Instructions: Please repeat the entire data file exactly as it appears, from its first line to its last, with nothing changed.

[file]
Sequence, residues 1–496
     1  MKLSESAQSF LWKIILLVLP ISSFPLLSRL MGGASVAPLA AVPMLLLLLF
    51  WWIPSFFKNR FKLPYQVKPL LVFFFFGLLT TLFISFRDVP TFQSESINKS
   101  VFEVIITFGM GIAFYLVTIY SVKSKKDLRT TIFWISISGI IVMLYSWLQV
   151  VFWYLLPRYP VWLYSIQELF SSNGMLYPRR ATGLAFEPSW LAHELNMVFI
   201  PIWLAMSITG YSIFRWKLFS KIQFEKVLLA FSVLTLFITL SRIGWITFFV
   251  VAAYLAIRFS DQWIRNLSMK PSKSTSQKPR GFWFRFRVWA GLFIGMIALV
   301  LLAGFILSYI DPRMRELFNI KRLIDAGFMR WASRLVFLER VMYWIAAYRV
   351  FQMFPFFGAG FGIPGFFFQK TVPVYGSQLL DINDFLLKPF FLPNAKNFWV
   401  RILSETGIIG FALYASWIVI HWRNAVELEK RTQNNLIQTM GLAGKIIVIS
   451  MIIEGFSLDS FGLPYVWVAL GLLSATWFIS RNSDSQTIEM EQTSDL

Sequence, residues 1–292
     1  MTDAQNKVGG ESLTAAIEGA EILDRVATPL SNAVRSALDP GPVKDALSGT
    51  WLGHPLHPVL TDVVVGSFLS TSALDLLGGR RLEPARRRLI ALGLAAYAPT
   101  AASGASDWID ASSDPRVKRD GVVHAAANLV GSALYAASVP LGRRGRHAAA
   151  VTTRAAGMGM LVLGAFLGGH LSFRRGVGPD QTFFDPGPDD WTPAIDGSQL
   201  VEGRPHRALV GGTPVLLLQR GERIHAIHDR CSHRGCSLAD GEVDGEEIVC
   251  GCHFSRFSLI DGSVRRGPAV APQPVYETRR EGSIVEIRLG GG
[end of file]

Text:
Sequence, residues 1–496
     1  MKLSESAQSF LWKIILLVLP ISSFPLLSRL MGGASVAPLA AVPMLLLLLF
    51  WWIPSFFKNR FKLPYQVKPL LVFFFFGLLT TLFISFRDVP TFQSESINKS
   101  VFEVIITFGM GIAFYLVTIY SVKSKKDLRT TIFWISISGI IVMLYSWLQV
   151  VFWYLLPRYP VWLYSIQELF SSNGMLYPRR ATGLAFEPSW LAHELNMVFI
   201  PIWLAMSITG YSIFRWKLFS KIQFEKVLLA FSVLTLFITL SRIGWITFFV
   251  VAAYLAIRFS DQWIRNLSMK PSKSTSQKPR GFWFRFRVWA GLFIGMIALV
   301  LLAGFILSYI DPRMRELFNI KRLIDAGFMR WASRLVFLER VMYWIAAYRV
   351  FQMFPFFGAG FGIPGFFFQK TVPVYGSQLL DINDFLLKPF FLPNAKNFWV
   401  RILSETGIIG FALYASWIVI HWRNAVELEK RTQNNLIQTM GLAGKIIVIS
   451  MIIEGFSLDS FGLPYVWVAL GLLSATWFIS RNSDSQTIEM EQTSDL

Sequence, residues 1–292
     1  MTDAQNKVGG ESLTAAIEGA EILDRVATPL SNAVRSALDP GPVKDALSGT
    51  WLGHPLHPVL TDVVVGSFLS TSALDLLGGR RLEPARRRLI ALGLAAYAPT
   101  AASGASDWID ASSDPRVKRD GVVHAAANLV GSALYAASVP LGRRGRHAAA
   151  VTTRAAGMGM LVLGAFLGGH LSFRRGVGPD QTFFDPGPDD WTPAIDGSQL
   201  VEGRPHRALV GGTPVLLLQR GERIHAIHDR CSHRGCSLAD GEVDGEEIVC
   251  GCHFSRFSLI DGSVRRGPAV APQPVYETRR EGSIVEIRLG GG